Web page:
There's a subset who seem to think that it's perfectly OK to ride the last portion of any journey on the footway as long as they're on the road most of the time, such as when their destination is on the other side of the road and there's a convenient pedestrian crossing a block upride of their goal that they can ride across to the opposite pavement, proceeding thereupon. It more often seems borne of laziness seeing as it's perfectly possible to stop and cross pedestrianically if you don't fancy making a right turn across traffic.

    Posted 3 years ago #
  16. PS
    Member

    "Awwww! Does your mummy not let you ride on the road?"

    I'll bear that in mind for next time I'm buzzed by a pavement-abuser :) (which I think will be the first time - I must lead a very sheltered life).

    "I don't think it is a fear of the road rather a fear of being slowed down by red lights/junctions"

    Not the ones I see round my way - they'd be able to go a lot quicker on the road (except one guy who seems to have a pathological fear of roundabouts and tries to cut the corner across the pavement. This strikes me as actually more dangerous for him, as it increases the number of times where he is in potential conflict with road users).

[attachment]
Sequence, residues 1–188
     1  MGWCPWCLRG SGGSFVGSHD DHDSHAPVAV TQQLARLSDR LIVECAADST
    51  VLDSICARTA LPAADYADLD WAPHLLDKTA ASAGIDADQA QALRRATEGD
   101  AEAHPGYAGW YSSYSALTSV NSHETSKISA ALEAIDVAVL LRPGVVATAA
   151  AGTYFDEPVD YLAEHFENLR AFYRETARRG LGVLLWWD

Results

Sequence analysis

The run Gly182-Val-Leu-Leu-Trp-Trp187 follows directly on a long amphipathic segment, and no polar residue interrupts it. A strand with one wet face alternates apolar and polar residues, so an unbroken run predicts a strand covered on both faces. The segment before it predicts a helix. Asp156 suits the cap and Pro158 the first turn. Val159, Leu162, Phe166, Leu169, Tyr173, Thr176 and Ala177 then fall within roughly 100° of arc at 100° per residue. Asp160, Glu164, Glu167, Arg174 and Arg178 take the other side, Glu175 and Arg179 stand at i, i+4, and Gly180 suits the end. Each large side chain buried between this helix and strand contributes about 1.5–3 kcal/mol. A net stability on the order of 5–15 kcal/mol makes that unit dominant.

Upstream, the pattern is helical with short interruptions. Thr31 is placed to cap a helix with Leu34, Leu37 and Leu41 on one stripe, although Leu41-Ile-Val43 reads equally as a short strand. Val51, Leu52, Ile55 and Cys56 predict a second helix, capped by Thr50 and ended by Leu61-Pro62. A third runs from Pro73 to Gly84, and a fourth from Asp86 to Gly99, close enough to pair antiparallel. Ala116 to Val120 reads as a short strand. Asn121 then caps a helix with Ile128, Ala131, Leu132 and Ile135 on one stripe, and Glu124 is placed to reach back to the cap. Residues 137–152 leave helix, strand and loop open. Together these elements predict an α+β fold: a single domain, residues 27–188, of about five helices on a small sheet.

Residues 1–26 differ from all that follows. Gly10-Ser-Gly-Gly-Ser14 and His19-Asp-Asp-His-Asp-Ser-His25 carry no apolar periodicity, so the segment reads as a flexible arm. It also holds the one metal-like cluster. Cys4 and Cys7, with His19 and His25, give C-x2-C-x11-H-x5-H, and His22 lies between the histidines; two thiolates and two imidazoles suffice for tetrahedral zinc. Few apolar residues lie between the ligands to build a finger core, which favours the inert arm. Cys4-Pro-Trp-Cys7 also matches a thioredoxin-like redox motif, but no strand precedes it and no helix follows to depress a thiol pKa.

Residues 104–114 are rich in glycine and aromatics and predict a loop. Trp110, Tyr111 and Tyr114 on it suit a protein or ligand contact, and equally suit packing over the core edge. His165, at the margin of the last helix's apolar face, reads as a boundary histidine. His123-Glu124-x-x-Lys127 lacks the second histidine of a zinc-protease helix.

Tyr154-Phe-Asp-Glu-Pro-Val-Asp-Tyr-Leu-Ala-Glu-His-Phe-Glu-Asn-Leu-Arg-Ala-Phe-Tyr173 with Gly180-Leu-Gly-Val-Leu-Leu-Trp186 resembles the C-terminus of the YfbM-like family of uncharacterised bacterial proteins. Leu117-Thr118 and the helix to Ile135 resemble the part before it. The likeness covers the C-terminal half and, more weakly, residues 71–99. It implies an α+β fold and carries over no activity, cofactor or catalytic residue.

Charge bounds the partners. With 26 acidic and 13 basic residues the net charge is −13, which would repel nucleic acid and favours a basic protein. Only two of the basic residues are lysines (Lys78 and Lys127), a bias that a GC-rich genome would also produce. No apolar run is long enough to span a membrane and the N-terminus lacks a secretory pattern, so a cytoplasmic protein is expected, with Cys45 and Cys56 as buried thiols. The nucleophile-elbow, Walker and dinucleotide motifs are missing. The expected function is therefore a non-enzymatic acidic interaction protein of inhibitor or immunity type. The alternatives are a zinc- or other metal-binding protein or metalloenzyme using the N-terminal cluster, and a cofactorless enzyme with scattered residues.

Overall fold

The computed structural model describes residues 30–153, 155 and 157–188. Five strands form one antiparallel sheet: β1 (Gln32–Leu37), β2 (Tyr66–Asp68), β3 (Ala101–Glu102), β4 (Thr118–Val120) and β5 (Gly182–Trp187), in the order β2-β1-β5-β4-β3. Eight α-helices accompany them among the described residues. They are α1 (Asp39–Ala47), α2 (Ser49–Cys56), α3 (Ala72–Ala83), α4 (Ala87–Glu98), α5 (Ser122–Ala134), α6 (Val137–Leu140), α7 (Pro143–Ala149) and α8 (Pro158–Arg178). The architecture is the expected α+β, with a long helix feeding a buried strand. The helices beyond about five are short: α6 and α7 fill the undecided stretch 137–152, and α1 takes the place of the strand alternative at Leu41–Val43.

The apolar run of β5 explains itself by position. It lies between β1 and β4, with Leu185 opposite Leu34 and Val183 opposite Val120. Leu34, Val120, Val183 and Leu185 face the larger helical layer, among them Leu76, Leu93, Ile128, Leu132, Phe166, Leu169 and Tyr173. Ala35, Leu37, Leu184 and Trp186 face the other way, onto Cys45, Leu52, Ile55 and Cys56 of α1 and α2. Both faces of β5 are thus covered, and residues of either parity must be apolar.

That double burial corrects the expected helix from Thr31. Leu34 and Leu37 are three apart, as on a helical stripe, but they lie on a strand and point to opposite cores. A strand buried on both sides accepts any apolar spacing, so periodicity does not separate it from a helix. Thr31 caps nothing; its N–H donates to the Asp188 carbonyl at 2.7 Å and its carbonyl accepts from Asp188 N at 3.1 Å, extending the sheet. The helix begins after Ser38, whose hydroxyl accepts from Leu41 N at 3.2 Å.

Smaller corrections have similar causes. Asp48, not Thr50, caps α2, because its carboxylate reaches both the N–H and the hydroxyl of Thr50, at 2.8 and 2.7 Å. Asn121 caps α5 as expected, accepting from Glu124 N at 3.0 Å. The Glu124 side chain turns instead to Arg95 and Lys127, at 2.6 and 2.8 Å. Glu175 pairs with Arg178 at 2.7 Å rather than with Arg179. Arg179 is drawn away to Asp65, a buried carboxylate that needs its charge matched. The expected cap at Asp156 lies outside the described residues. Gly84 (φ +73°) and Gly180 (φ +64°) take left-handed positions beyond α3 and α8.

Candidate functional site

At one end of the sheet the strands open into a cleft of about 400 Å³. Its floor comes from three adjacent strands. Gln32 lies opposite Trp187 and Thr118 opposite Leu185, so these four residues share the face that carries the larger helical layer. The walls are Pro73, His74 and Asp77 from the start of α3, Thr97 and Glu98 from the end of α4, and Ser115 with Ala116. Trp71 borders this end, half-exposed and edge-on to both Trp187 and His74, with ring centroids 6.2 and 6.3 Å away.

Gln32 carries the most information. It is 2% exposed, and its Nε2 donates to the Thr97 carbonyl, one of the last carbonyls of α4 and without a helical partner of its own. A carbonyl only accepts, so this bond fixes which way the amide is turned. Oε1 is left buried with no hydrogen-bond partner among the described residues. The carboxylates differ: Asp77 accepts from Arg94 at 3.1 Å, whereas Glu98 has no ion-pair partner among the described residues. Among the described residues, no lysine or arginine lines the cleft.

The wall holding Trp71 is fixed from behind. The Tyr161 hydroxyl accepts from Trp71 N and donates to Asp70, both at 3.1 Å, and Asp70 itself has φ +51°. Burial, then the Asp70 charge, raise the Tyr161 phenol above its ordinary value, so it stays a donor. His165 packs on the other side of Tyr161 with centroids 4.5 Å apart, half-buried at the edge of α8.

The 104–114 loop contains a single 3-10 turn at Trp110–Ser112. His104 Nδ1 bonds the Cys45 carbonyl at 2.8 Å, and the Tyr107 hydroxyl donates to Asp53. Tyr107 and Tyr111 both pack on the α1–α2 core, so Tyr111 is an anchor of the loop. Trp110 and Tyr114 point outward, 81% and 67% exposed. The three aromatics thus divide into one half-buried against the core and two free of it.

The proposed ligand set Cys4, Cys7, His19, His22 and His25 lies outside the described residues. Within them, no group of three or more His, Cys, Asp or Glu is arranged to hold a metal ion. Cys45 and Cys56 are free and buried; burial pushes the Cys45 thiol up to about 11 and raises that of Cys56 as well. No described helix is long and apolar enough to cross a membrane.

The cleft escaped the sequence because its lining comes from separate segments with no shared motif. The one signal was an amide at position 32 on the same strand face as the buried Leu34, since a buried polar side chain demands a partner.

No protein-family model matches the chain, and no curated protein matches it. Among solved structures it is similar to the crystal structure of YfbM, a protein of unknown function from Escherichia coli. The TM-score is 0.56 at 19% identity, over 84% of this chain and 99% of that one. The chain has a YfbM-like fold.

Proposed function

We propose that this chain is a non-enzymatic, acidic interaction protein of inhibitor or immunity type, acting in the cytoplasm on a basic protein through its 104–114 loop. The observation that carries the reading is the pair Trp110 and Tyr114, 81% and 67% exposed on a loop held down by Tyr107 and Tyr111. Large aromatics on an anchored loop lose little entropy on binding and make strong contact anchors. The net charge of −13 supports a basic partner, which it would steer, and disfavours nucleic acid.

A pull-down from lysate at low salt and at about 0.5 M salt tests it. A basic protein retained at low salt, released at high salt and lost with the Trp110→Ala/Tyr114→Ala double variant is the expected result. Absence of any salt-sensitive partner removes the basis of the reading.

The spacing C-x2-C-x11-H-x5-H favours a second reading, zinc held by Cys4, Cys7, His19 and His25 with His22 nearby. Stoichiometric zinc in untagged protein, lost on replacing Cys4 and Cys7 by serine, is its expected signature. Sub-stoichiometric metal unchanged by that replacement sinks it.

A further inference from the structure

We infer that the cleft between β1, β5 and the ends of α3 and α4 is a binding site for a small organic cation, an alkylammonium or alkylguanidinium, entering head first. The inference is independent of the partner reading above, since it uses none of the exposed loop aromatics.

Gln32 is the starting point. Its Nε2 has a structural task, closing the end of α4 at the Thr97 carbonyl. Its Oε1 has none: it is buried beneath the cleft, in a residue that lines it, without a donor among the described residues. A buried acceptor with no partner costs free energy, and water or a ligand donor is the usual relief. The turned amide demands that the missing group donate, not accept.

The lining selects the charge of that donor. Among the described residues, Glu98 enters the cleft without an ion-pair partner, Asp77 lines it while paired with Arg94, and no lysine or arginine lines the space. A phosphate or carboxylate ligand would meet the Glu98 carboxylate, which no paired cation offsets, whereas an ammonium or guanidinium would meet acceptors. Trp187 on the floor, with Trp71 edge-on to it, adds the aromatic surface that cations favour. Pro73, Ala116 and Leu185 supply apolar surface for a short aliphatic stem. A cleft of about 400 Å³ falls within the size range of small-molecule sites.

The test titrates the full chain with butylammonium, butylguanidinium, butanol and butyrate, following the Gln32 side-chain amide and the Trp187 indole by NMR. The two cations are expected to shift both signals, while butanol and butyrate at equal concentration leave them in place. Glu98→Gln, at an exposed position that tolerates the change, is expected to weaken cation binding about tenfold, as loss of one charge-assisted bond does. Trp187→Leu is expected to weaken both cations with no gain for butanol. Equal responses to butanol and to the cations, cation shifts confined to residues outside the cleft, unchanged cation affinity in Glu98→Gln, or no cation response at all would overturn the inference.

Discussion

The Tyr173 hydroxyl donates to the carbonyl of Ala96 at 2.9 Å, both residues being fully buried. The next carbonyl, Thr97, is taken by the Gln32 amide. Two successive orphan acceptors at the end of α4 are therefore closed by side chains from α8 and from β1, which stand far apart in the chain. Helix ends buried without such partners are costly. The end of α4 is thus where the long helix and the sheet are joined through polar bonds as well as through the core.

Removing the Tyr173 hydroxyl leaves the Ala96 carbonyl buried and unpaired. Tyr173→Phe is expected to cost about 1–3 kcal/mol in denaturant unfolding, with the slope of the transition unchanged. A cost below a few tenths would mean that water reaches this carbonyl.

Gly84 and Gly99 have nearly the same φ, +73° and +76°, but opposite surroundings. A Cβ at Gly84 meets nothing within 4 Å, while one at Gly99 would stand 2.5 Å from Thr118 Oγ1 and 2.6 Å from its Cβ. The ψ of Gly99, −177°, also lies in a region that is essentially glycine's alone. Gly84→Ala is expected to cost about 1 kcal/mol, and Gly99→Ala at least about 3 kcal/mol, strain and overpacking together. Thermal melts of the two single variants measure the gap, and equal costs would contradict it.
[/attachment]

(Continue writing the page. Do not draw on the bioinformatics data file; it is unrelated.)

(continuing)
Posted 3 years ago #
  17. "There's a subset who seem to think that it's perfectly OK to ride the last portion of any journey on the footway as long as they're on the road most of the time"

    Yes! I see this a lot and it's exactly as you say, down to laziness, given getting off and walking would lose all of about 5 seconds.

    Posted 3 years ago #
  18. kaputnik
    Member

    Is it "allowed" to coast the last couple of feet up to the front door of the flat on the pavement? Or how about mount the pavement to roll up to the bike rack?

    Personally I have to admit that I do often do this type of thing - my self-justification being it's no different than a car that has to cross pavement to get into the car park / into the driveway. Naturally I'm very careful, slow and generally not even pedalling.

    Is it laziness? Yes a large part of it probably is. I know I have to get off the bike to get in the door / lock the bike. But if I can do it over *there* rather than over *here* it will be quicker for me. But some of it is about not wanting to stop on a main or busy road, dismount, then find a convenient place (usually between parked cars) to get on the pavement and push the bike up to my destination.

    Either way I have to move the bike (pushed or pedalled) across the pavement and so long as I'm equally slow, careful and considerate to other users then I don't find it so morally reprehensible.